Marian feast becomes a political football in Cuba

Marian feast becomes a political football in Cuba

This figurine of Our Lady of Charity dressed in splendor is displayed in Coral Gables, Fla., Sept. 8, 2018, for the annual celebration of her feast day. (Credit: Ana Rodriguez-Soto/ The Florida Catholic via CNS.)

The Church in Cuba is warning against politicizing religious festivals after events surrounding the Feast of Our Lady of El Cobre (Our Lady of Charity), the patroness of the island.

ROSARIO, Argentina – The Church in Cuba is warning against politicizing religious festivals after events surrounding the Feast of Our Lady of El Cobre (Our Lady of Charity), the patroness of the island.

In the days leading up to the celebration, the opposition organized a symbolic protest, asking people to dress in yellow and to carry yellow ribbons, for what they dubbed the “revolution of the sunflowers.”

However, according to Spanish news agency EFE, it’s tradition for all Cubans to wear yellow on Sept. 8 – known locally as Cachita – is one of the few symbols able to garner support from nearly everyone in the Communist-ruled country.

Fidel Castro, who died in 2016, banned Christmas in 1969 and only reinstated its observance as a national holiday in 1998, after a visit from St. John Paul II.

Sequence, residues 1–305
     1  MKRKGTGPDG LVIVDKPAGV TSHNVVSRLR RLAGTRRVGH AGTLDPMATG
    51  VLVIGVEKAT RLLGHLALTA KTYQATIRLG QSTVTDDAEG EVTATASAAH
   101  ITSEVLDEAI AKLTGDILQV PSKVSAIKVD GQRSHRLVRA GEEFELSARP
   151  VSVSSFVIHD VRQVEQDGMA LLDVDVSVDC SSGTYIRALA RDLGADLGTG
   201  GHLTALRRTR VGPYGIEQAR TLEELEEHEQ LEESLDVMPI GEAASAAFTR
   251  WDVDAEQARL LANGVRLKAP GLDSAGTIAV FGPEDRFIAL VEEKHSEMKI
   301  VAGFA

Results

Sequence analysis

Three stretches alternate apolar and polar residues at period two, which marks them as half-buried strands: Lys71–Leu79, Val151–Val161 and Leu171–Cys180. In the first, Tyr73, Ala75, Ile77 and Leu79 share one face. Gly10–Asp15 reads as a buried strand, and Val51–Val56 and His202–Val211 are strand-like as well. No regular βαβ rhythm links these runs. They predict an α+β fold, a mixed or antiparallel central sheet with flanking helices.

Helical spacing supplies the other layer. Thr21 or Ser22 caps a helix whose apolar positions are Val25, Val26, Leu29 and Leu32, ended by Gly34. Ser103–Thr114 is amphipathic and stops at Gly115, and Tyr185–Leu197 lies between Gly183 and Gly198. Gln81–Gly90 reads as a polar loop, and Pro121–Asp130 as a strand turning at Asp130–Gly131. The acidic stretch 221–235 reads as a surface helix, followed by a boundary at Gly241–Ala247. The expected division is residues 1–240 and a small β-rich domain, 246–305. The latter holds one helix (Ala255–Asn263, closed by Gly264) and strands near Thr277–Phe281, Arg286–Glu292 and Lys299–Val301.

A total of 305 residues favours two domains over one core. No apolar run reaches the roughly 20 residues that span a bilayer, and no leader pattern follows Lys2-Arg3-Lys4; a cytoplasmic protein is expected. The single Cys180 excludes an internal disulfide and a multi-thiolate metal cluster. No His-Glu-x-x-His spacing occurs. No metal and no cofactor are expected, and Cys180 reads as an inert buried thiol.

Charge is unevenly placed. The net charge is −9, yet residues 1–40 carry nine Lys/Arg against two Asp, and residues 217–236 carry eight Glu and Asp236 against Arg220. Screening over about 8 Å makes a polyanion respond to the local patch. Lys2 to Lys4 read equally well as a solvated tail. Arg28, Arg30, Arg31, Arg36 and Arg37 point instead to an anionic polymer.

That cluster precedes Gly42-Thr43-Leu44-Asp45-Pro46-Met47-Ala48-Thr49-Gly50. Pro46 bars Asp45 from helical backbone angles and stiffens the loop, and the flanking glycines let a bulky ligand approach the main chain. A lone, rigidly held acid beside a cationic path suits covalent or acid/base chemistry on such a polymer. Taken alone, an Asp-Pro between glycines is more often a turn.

On Sunday, Mariela Castro – daughter of former president Raul Castro, who took over from his brother in 2008 – tweeted: “Thank you Chachita for protecting him, for protecting #Fidel and the Cuban Revolution. Oshún will not accept offerings from mercenaries and traitors.”

Oshun is a deity of African origin also venerated on Sep. 8 by practitioners of Santeria, a syncretic faith that mixes elements of African indigenous faiths with Catholicism.

In a column published in the magazine of the Archdiocese of La Habana, Palabra Nueva, journalist and poet Antonio Lopez Sanchez argued that neither side of the political divide has the “right to politicize a celebration that calls for harmony, peace, union, not to hatred.”

He denounced that the “hairy ear” of politics has emerged during the feast because “again the ideological positions, and even more so, hatred and the desire to separate and prevail, they try to meddle and dirty issues where such attitudes and feelings should not have a place.”

“It’s known that among Cubans, from the soap opera, passing through the baseball team, to the latest news that haunts the popular voice, there are plenty of disagreements and eternal discussions,” Lopez wrote. “However, there are symbols and figures that have managed to overcome all adversities and have almost unanimous devotions and special affections, both among Tyrians and among Trojans.”

One such symbol, he argued, is Our Lady of Charity.

In the column titled “Mother of Cuba, Mother of All,” the journalist condemned the use of the “sacred symbol” to sustain or oppose a political system.